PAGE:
Prayer of Presence:
Let me not lose myself in tedium, errands, obligations.
Holy Spirit, still me once in a while.
Stop me sometimes.
Let me breathe now and then.
Holy Spirit, teach me to pray.
Not many words, just one: Abba. Amen
(Jack Levison, "Holy Spirit I Pray," Paraclete Press: Massachusetts, 2015, p.2)
Scripture: Today’s reading is from Psalm 107:1-9
“Give thanks to the Lord because he is good because his faithful love lasts forever!” That’s what those who are redeemed by the Lord say, the ones God redeemed from the power of their enemies, the ones God gathered from various countries, from east and west, north and south.
Some of the redeemed had wandered into the desert, into the wasteland. They couldn’t find their way to a city or town. They were hungry and thirsty; Their lives were slipping away. So they cried out to the Lord in their distress, and God delivered them from their desperate circumstances. God led them straight to human habitation.
Let them thank the Lord for his faithful love and his wondrous works for all people because God satisfied the one who was parched with thirst, and he filled up the hungry with good things.
Psalm 107 is a song of thanksgiving for the Lord’s steadfast love and blessing shown through the mighty works of the deliverance of those who cry out to God for help. Four groups of redeemed peoples are mentioned in the psalm. They are the hungry and thirsty who have been fed (107:4-9), those in bondage set free (107:10-16), sinners at death’s gate who have been given life (107:17-22), and those in the storms of life who are given hope.The right response to God’s deliverance is joy, thanksgiving, and public witness that encourages others to put their trust in God.
The first group mentioned who wandered in the desert and wasteland, hungry and thirsty with their lives slipping away are representative of those experiencing the realities and dangers of migration. In the desert, their is no water, no food, and no community of concerned people nearby to help. Pew Research reports that there were about 60 million people who were displaced from their homes in 2015. Approximately 22,500 immigrants have died or disappeared globally since 2014 each year because of exhaustion, dehydration, drowning, murder, and hunger. Some migrate in search of a better life for themselves and their children. Some migrate after displacement by natural disasters and erosion. Some migrate to escape persecution based on race, religion, nationality and/or membership in a particular social group. Others migrate to unify with family.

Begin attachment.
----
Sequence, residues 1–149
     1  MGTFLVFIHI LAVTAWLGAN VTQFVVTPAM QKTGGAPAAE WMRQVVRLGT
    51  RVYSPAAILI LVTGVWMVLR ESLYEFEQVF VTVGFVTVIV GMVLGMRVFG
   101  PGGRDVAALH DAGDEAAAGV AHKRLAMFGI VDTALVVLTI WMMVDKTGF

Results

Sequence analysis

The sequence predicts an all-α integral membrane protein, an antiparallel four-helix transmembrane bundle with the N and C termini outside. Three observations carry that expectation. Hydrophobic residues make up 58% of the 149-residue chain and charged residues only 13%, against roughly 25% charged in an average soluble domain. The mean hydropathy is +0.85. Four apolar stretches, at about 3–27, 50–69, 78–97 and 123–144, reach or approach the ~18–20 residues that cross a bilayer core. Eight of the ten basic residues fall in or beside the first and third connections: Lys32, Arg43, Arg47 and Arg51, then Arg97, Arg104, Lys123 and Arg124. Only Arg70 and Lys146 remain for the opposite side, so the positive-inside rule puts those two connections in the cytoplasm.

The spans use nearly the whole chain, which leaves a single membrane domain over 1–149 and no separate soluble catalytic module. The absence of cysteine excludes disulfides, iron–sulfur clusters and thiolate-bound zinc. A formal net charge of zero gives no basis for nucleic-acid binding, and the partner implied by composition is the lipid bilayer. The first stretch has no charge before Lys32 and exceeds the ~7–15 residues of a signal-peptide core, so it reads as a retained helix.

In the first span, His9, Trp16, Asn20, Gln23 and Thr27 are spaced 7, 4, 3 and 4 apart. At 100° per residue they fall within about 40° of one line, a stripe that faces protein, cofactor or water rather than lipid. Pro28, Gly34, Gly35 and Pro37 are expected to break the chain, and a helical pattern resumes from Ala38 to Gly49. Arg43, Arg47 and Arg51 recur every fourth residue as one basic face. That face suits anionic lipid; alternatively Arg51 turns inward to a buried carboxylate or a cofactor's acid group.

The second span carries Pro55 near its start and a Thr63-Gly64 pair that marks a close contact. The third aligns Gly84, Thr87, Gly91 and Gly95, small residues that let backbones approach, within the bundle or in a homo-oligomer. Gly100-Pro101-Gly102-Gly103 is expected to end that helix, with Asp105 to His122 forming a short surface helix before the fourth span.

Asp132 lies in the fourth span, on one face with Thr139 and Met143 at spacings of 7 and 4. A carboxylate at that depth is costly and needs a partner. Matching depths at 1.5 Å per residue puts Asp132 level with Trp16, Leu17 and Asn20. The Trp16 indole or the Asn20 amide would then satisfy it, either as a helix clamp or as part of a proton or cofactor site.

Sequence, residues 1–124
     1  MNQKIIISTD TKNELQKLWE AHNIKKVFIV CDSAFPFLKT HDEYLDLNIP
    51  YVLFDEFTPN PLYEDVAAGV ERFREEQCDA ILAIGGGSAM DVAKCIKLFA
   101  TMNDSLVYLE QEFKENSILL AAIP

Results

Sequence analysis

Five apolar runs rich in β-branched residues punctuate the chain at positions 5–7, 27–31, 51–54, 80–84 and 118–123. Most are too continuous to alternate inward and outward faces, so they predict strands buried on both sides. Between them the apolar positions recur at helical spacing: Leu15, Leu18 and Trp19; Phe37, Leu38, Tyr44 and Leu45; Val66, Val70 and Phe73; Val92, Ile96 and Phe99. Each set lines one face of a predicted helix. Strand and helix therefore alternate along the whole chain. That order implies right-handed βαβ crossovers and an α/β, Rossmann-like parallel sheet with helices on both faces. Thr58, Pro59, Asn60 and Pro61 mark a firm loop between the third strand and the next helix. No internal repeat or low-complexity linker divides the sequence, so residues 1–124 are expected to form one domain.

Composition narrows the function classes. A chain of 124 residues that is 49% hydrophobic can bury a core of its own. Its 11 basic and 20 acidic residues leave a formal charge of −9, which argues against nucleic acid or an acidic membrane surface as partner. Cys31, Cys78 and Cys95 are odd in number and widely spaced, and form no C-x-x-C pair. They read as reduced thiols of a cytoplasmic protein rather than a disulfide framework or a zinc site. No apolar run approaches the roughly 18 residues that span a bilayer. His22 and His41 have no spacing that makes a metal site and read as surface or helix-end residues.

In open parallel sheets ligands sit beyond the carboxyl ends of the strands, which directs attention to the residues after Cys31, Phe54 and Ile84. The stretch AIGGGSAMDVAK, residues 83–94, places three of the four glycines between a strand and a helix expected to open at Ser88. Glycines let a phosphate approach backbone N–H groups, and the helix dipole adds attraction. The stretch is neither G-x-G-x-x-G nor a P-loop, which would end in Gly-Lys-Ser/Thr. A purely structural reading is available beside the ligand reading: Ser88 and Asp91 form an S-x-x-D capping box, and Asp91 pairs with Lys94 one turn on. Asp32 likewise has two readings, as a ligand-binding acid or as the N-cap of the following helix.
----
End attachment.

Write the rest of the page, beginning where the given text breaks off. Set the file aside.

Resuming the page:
If we spiritualize this psalm, then people in the desert wilderness can be described as those in spiritual desolation. St. Ignatius talks about times of spiritual desolation as part of the spiritual journey for those moving toward God. Spiritual desolation, as Ignatius speaks of it, is not to be confused with psychological or medical conditions that bring depressive feelings and sometimes require medical attention.
Spiritual desolation refers to the times in our relationship with God when God seems distant and absent. At times God seems missing because we have been negligent in our own spiritual disciplines (prayer, worship, bible study, partaking of the Sacrament of Holy Communion) and because of it, the spiritual consolation of God withdraws from us. The apostle Paul calls this “quenching the Spirit” (1 Thessalonians 5:19). The second reason Ignatius cites for experiencing spiritual desolation is that God tries to see how much we continue to serve and worship him without his grace of consolation. As people moving toward God, we experience this as spiritual burn out brought about by continually pouring ourselves into the service of others often under other demanding external pressures that take a toll on our spiritual, emotional, mental, and physical strength and well being. The third aspect of spiritual desolation occurs when we come to feel and understand that spiritual consolations are graces from God, and not due to our own striving, lest we become prideful and attribute our spiritual well being to ourselves.
Ignatius recommended the following practices to overcome spiritual desolation: Prayer for help from God, meditating on the truths of faith and promises of God, self-examination to gain insight into what may have brought us to spiritual desolation, and penance that counters destructive distractions. The critical thing to remember is that when God has delivered us from migratory or spiritually desolate conditions, our proper response is joy, thanksgiving, and sharing how and from what God has redeemed us so that others may take courage and put their trust and hope in God.
Questions for Reflection: